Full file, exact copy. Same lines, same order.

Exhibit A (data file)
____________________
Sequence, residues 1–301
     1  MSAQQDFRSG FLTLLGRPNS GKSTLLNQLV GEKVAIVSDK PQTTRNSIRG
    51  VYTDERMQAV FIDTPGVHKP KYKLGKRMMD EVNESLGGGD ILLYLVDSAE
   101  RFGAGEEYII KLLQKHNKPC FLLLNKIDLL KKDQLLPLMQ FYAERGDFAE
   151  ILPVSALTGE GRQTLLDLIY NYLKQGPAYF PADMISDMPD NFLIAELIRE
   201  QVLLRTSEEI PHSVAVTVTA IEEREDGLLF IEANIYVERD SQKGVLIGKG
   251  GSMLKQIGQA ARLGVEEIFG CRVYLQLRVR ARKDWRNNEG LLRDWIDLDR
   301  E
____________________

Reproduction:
Sequence, residues 1–301
     1  MSAQQDFRSG FLTLLGRPNS GKSTLLNQLV GEKVAIVSDK PQTTRNSIRG
    51  VYTDERMQAV FIDTPGVHKP KYKLGKRMMD EVNESLGGGD ILLYLVDSAE
   101  RFGAGEEYII KLLQKHNKPC FLLLNKIDLL KKDQLLPLMQ FYAERGDFAE
   151  ILPVSALTGE GRQTLLDLIY NYLKQGPAYF PADMISDMPD NFLIAELIRE
   201  QVLLRTSEEI PHSVAVTVTA IEEREDGLLF IEANIYVERD SQKGVLIGKG
   251  GSMLKQIGQA ARLGVEEIFG CRVYLQLRVR ARKDWRNNEG LLRDWIDLDR
   301  E